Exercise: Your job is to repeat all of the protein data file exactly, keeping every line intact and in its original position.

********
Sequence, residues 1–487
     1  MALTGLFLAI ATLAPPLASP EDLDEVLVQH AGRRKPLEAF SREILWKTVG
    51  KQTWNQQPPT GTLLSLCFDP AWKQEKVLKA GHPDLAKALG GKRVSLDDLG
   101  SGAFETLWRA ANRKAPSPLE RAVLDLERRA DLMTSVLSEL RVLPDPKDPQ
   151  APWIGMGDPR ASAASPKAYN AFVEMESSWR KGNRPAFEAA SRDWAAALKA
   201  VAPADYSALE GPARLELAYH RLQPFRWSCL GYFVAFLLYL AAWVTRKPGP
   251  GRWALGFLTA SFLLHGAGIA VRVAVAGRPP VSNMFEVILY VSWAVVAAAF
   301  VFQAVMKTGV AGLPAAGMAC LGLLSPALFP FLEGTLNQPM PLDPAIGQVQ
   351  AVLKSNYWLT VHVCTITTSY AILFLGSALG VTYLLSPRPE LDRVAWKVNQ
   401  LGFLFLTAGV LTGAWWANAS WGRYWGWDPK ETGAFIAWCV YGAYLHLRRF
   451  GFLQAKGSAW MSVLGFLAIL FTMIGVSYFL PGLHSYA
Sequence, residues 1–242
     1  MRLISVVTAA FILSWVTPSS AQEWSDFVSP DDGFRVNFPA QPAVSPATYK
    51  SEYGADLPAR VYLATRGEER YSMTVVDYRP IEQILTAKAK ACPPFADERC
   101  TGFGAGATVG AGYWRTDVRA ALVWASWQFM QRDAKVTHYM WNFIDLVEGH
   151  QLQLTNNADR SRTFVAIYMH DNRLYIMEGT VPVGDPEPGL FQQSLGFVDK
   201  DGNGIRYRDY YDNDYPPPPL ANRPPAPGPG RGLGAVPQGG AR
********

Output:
Sequence, residues 1–487
     1  MALTGLFLAI ATLAPPLASP EDLDEVLVQH AGRRKPLEAF SREILWKTVG
    51  KQTWNQQPPT GTLLSLCFDP AWKQEKVLKA GHPDLAKALG GKRVSLDDLG
   101  SGAFETLWRA ANRKAPSPLE RAVLDLERRA DLMTSVLSEL RVLPDPKDPQ
   151  APWIGMGDPR ASAASPKAYN AFVEMESSWR KGNRPAFEAA SRDWAAALKA
   201  VAPADYSALE GPARLELAYH RLQPFRWSCL GYFVAFLLYL AAWVTRKPGP
   251  GRWALGFLTA SFLLHGAGIA VRVAVAGRPP VSNMFEVILY VSWAVVAAAF
   301  VFQAVMKTGV AGLPAAGMAC LGLLSPALFP FLEGTLNQPM PLDPAIGQVQ
   351  AVLKSNYWLT VHVCTITTSY AILFLGSALG VTYLLSPRPE LDRVAWKVNQ
   401  LGFLFLTAGV LTGAWWANAS WGRYWGWDPK ETGAFIAWCV YGAYLHLRRF
   451  GFLQAKGSAW MSVLGFLAIL FTMIGVSYFL PGLHSYA
Sequence, residues 1–242
     1  MRLISVVTAA FILSWVTPSS AQEWSDFVSP DDGFRVNFPA QPAVSPATYK
    51  SEYGADLPAR VYLATRGEER YSMTVVDYRP IEQILTAKAK ACPPFADERC
   101  TGFGAGATVG AGYWRTDVRA ALVWASWQFM QRDAKVTHYM WNFIDLVEGH
   151  QLQLTNNADR SRTFVAIYMH DNRLYIMEGT VPVGDPEPGL FQQSLGFVDK
   201  DGNGIRYRDY YDNDYPPPPL ANRPPAPGPG RGLGAVPQGG AR